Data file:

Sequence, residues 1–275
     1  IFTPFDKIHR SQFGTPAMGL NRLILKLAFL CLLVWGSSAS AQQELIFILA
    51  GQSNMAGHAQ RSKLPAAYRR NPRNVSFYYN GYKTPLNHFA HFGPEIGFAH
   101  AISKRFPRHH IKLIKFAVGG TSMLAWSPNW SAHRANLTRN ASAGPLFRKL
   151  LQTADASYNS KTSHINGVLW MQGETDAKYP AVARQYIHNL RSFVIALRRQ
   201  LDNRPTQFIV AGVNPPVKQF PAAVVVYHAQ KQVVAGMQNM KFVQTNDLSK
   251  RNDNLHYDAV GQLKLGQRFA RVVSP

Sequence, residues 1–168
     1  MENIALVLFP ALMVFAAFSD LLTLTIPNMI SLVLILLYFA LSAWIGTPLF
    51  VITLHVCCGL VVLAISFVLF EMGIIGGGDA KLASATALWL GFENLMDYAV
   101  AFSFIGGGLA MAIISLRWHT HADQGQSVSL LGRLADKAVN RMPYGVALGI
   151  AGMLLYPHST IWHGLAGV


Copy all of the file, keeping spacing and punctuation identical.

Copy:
Sequence, residues 1–275
     1  IFTPFDKIHR SQFGTPAMGL NRLILKLAFL CLLVWGSSAS AQQELIFILA
    51  GQSNMAGHAQ RSKLPAAYRR NPRNVSFYYN GYKTPLNHFA HFGPEIGFAH
   101  AISKRFPRHH IKLIKFAVGG TSMLAWSPNW SAHRANLTRN ASAGPLFRKL
   151  LQTADASYNS KTSHINGVLW MQGETDAKYP AVARQYIHNL RSFVIALRRQ
   201  LDNRPTQFIV AGVNPPVKQF PAAVVVYHAQ KQVVAGMQNM KFVQTNDLSK
   251  RNDNLHYDAV GQLKLGQRFA RVVSP

Sequence, residues 1–168
     1  MENIALVLFP ALMVFAAFSD LLTLTIPNMI SLVLILLYFA LSAWIGTPLF
    51  VITLHVCCGL VVLAISFVLF EMGIIGGGDA KLASATALWL GFENLMDYAV
   101  AFSFIGGGLA MAIISLRWHT HADQGQSVSL LGRLADKAVN RMPYGVALGI
   151  AGMLLYPHST IWHGLAGV